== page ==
Spiking the Spike Ball
Laura Ingraham has a segment called, Positively Boosted, where she celebrates the vaccinated getting COVID:
In case you’re wondering, anti-vaxxers get roasted when they die:
The name of this newsletter is taken from a Nietzsche quote that says, “Whoever fights monsters should see to it that in the process he does not become a monster.” This schadenfreude is a trend worth denouncing regardless of your personally held beliefs on vaccines and other safety measures. Be an advocate, be silent; it’s your choice, but don’t be a jackass. No movement has ever been served well by it.
Everyone Loves a COVID Poll
In a recent Heartland Institute/Rasmussen poll, the country is evenly divided (48/48) on the vaccine mandate proposed by President Biden. This poll was before the Supreme Court struck down the blanket workforce mandate last week. The court ruled that simply working for a large company was not a basis for mandating a vaccination. The court upheld a vaccine mandate for health care workers in a separate opinion, with Chief Justice John Roberts and Justice Brett Kavanaugh siding with the court’s more liberal justices. Cue Tucker Carlson:
Dr. Anthony Fauci proves to be as divisive, with 45 percent approving and 48 percent disapproving of his handling of COVID. The partisan divide is not surprisingly sharp, with 78 percent of Democrats viewing him favorably, while 21 percent of Republicans and 38 percent of independents viewing him favorably.
Some of the more interesting results:
Fifty-eight percent (58%) of voters would oppose a proposal for federal or state governments to fine Americans who choose not to get a COVID-19 vaccine. However, 55% of Democratic voters would support such a proposal, compared to just 19% of Republicans and 25% of unaffiliated voters.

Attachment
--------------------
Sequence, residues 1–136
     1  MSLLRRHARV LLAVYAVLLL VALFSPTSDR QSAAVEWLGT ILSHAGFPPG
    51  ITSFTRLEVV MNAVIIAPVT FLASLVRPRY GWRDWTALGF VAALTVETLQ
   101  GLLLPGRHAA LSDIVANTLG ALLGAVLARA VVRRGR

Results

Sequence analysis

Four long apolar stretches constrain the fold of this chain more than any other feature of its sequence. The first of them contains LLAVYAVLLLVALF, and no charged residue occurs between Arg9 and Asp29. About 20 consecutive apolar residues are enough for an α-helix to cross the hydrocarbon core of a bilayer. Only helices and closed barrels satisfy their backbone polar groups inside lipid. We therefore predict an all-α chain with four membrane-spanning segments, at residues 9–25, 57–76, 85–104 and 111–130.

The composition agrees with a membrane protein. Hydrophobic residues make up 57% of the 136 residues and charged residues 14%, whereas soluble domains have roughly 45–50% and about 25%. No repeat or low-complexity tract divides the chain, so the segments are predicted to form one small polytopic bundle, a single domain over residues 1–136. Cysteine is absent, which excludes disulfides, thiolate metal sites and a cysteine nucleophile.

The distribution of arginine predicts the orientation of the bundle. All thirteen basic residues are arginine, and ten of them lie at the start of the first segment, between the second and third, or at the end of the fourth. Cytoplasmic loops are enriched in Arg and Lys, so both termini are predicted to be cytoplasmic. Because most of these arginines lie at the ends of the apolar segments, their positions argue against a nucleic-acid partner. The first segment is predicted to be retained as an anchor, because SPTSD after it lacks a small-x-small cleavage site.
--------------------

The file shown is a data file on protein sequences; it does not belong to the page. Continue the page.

Fifty-nine percent (59%) of Democratic voters would favor a government policy requiring that citizens remain confined to their homes at all times, except for emergencies, if they refuse to get a COVID-19 vaccine. Such a proposal is opposed by 61% of all likely voters, including 79% of Republicans and 71% of unaffiliated voters.
Nearly half (48%) of Democratic voters think federal and state governments should be able to fine or imprison individuals who publicly question the efficacy of the existing COVID-19 vaccines on social media, television, radio, or online or digital publications. Only 27% of all voters – including just 14% of Republicans and 18% of unaffiliated voters – favor the criminal punishment of vaccine critics.
Forty-five percent (45%) of Democrats would favor governments requiring citizens to temporarily live in designated facilities or locations if they refuse to get a COVID-19 vaccine. Such a policy would be opposed by a strong majority (71%) of all voters, with 78% of Republicans and 64% of unaffiliated voters saying they would Strongly Oppose putting the unvaccinated in “designated facilities.”
While about two-thirds (66%) of likely voters would be against governments using digital devices to track unvaccinated people to ensure they are quarantined or socially distancing from others, 47% of Democrats favor a government tracking program for those who won’t get the COVID-19 vaccine.
The Rundown (COVID edition)
On the right, Fauci Must Go.
On the left, Fire Jeff Zients.
CDC Director acknowledges messaging and guidance aren’t great.
Australia’s new direction on COVID, let it rip.
We need to hear Biden’s Year 2 strategy on COVID.